Idioma

Rechazamos el lenguaje envenenado sobre la adicción que mantiene a millones de estadounidenses enfermos y en las sombras.

Este lenguaje dañino alimenta las barreras psicológicas, como el estigma, la vergüenza y el miedo, que impiden que el 90 por ciento de las personas que necesitan atención acudan en busca de ayuda.

De acuerdo con nuestro compromiso con la calidad y la ciencia, utilizamos un lenguaje coherente con el lenguaje de la ciencia, la medicina y otras enfermedades crónicas.

 

 

Words we don't like

Those that are prejudicial, those that are focused exclusively on consumption, those that are designed for reimbursement rather than wellness, those whose connotations have evolved in such a way as to render them no longer helpful and those that serve to distinguish this chronic disease from others:

  • Alcoholic – This word belongs in a museum of infamy; along with its short list of brethren that, by their very utterance, can inflame, incite, condemn, castigate and even cause death. We say, “Alcoholic, RIP.”
  • Addict – This word fails the tests largely because it is not person-centered. It probably also carries with it its own fair share of baggage.
  • Abuse(r) – This word fails the tests for many reasons, including: “(1) it negates the fact that (addiction) is a medical condition; (2) it blames the illness solely on the individual… ignoring environmental and genetic factors, as well as the (substance’s) abilities to change brain chemistry; (3) it absolves those selling and promoting addictive substances of any wrongdoing; and (4) it feeds into the stigma experienced not only by individuals with substance use disorders, but also by family members and the treatment/recovery field.” - Substance Use Disorders: A Guide to the Use of Language. William White – 2004.
  • Any slang references to people (e.g., junkie, doper, drunk) – These words fail for what we think are obvious reasons. And, the fact that many survivors choose to apply such labels to themselves or others (perhaps as badges of honor) doesn’t change their prejudicial nature.
  • Dependency – This word, when applied to those suffering from addiction, fails the tests because it focuses on only one of the numerous symptoms of this chronic disease.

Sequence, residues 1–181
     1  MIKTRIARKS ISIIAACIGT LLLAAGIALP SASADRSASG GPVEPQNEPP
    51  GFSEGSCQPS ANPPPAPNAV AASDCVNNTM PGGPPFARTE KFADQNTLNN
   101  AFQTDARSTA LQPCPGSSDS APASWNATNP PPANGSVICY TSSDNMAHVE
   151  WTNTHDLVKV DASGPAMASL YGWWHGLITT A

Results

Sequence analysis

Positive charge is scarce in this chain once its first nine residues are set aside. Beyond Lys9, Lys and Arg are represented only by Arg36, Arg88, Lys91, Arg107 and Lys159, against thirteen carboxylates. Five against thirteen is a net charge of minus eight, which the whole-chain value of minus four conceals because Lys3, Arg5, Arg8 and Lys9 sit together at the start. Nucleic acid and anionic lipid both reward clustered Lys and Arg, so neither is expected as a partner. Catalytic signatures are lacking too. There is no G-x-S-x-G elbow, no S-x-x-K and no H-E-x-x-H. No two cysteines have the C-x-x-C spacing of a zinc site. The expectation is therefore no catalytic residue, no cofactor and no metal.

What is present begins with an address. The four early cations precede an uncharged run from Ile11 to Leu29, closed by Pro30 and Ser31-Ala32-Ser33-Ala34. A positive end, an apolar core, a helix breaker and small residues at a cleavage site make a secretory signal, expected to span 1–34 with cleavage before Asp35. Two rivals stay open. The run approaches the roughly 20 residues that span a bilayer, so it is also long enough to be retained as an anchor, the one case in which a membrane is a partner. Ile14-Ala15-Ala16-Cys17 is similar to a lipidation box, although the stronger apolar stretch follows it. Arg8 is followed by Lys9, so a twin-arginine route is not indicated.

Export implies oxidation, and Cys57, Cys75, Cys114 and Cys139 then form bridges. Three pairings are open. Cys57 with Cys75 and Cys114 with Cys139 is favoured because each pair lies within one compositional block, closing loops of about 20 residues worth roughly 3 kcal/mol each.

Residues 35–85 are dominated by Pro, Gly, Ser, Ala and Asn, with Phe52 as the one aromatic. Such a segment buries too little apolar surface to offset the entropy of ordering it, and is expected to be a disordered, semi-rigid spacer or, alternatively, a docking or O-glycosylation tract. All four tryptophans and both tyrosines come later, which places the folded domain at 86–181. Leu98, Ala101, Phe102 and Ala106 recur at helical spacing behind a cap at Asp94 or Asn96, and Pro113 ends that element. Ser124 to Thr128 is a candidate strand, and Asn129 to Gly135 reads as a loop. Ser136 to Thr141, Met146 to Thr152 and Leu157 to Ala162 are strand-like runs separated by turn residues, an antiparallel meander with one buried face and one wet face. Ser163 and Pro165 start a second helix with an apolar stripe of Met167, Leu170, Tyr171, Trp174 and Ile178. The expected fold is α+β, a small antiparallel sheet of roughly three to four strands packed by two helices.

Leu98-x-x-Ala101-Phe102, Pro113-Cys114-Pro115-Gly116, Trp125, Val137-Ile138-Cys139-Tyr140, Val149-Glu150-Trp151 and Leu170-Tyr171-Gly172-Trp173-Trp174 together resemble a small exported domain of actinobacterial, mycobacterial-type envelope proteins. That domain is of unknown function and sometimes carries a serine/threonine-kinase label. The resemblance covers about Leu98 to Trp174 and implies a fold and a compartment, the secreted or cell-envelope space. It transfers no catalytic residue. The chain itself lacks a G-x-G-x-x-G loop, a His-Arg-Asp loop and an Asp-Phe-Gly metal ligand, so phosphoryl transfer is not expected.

• Clean/dirty/sober – These words are of no medical or scientific utility and yet, they are clearly focused exclusively on consumption and they certainly reinforce society’s ignorance about the disease.
  • Relapse – While innocuous enough on its face, connotations of this word have become so closely associated with a return to consuming a substance as to render it of no further use. “The term has negative connotations for it often has projected a tone of moral judgment.” (White)
  • Rehab – Here’s another word for the museum. It’s as if this word were invented just to perpetuate stigma. Contributing to its disutility are:
    • An endless parade of celebrities cycling in and out of “rehab”
    • Reality TV’s glamorization and/or degradation of “rehab”
    • Society’s lack of confidence in the efficacy of “rehab”
  • Treatment – While a solid case can be made to salvage this word (since treatment is a term associated with patients receiving a certain level of care along a chronic continuum), the tiebreaker in favor of its rejection is the behavior and performance of the “treatment” industry. This word has become only marginally less prejudicial than “rehab.” One could even argue that derogatory connotations of treatment are well earned.
  • Drug or alcohol problems – While there are surely people with drug or alcohol problems, we concern ourselves only with those suffering from addiction. People suffering from addiction have a myriad of symptoms, only a fraction of which are directly related to drugs or alcohol. We will leave to others the resolution of “drug or alcohol problems.”
  • Habit – This word, typically the subject of a drug or alcohol adjective, when used to describe the behavior of a person suffering from addiction, is particularly offensive. It ignores science and minimizes the difficulties in cessation of consumption.
  • Problem drinker – By this point in this piece, the shortcomings of terms like this should be apparent. It is focused on a problem rather than a disease and is exclusive to consumption.
  • Substance use disorder – The shortcomings of this phrase almost deserve a separate web site. And yet, for many of the “experts” in these fields, this is the new generally accepted phrase. Before we get into why this phrase is so objectionable, consider for a moment what the “experts” adopting it says about the fields.
    • It focuses exclusively on consumption.
    • It ignores the fact that addiction is a chronic disease.
    • It is designed to accommodate reimbursement more than it is wellness.